Japanese novel translation: “The Rainlands” by Haruka Asahi [Chapter 1]

By | April 24, 2017

I’ve discovered an interesting short novel called “The Rainlands” (雨の国) by Haruka Asahi (朝陽遥), and gotten the author’s permission to translate it into English and put it on my blog. You can find the entire original Japanese text for the story here (on Kakuyomu), and the first chapter here.

It’s a fictional, fantasy/adventure tale (the genre is officially listed as “alternate universe fantasy”), and as it is a longer work I’ll be presenting it in a series of unnamed chapters. The original work was published as four longish chapters, but I’ll be breaking these down into more bitesized pieces.

If you enjoy this story and want to read more, please consider liking this post or leaving a comment. That will help me decide whether I should translate more of this, or move onto another story. You can also vote for it on this poll.

For those who are interested, you can see a brief synopsis below. The first chapter follows that.

You can see the table of contents with other chapters (as they are posted) referenced here.


There were rumors of a place where the rains never ceased. Half of the month was a deafening, torrential downpour, and the other half a drizzle, at best slightly overcast. The sky was clear at most once or twice a month.

How could people actually live in a place where it rained constantly? Was it some sort of divine protection, or simply the raw power of the human mind? Driven by a burning curiosity, I departed on a journey to the mountainous region known as The Rainlands.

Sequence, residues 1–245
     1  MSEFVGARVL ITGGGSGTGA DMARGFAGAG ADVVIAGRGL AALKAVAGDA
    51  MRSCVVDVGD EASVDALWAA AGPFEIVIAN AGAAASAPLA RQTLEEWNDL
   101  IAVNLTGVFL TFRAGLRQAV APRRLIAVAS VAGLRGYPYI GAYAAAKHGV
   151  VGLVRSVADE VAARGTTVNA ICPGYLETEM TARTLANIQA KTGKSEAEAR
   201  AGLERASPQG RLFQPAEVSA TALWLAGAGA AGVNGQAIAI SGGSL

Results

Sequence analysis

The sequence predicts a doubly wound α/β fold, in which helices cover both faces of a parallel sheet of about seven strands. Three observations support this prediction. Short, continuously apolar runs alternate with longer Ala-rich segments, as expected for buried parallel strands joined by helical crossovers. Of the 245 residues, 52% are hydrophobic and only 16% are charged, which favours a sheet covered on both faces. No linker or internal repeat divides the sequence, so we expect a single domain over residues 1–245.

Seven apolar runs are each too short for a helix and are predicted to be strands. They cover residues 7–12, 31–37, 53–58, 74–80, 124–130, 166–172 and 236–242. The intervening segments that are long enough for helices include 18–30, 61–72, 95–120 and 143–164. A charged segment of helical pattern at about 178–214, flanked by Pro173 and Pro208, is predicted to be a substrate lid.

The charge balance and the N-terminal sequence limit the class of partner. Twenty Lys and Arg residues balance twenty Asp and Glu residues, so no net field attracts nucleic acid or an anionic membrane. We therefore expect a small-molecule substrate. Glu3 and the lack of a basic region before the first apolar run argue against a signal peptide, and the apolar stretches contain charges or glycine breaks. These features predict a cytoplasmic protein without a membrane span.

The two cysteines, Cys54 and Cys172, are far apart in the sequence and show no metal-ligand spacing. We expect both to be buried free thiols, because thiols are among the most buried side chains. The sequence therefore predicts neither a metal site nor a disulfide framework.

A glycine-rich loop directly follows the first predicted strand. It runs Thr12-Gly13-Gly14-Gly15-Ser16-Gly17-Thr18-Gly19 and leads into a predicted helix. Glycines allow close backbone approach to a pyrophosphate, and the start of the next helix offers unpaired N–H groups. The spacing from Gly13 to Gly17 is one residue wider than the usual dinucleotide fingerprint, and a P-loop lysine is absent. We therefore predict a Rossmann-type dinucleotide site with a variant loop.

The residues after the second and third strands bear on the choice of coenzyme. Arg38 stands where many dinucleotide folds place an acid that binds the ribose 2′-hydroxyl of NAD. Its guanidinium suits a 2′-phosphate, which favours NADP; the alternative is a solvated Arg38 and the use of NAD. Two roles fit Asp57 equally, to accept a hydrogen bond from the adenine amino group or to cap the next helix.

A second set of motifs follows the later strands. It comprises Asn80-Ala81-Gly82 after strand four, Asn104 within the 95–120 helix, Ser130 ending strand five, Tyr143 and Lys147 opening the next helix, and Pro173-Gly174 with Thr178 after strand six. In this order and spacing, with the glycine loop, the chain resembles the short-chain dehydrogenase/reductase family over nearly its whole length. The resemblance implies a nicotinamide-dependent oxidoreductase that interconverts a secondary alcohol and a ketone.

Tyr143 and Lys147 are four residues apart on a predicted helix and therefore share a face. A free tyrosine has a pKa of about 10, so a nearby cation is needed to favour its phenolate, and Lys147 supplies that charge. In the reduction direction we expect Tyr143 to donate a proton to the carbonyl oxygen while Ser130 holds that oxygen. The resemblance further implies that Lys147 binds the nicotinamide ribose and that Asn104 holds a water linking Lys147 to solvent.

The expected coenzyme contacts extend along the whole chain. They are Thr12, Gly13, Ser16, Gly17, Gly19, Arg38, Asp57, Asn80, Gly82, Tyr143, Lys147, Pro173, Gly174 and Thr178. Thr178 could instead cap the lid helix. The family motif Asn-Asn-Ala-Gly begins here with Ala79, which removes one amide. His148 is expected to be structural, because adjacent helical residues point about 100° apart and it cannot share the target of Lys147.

What I would discover was nothing like what I expected–a culture at times oddly familiar and yet disturbingly foreign.


“The Rainlands”  by Haruka Asahi:  Chapter 1

There, the rains never ceased. Half of the month was a deafening, torrential downpour, and the other half a drizzle, at best slightly overcast. A clear sky was seen, at most, once or twice a month.

I heard there were people somehow living in a place like that, and driven by a burning curiosity, I decided to travel there.

How could anyone actually survive in a place like that? The more I thought about it, the stranger it seemed. I was born in a small village nestled in the mountains. Compared to other areas, I’d say it rained pretty frequently, but even that was only once every two or three days. If, by some freak act of nature the rain continued for several days, the mountainsides would surely crumble, and the crops wash away. Rivers would flood, houses rot and collapse.

In fact, once in a blue moon something akin to that would happen in my hometown–when the rains continued for nearly ten days and everyone had to escape to the high ground, leaving their possessions behind.

Was it some sort of divine protection, or simply the raw power of the human mind that enabled people to actually live in a place where it rained almost constantly? That is what I endeavored to know. If due to human ingenuity, some part of me hoped I could bring back even a small piece of it to my village. But this trifling wish paled in comparison to my overwhelming curiosity.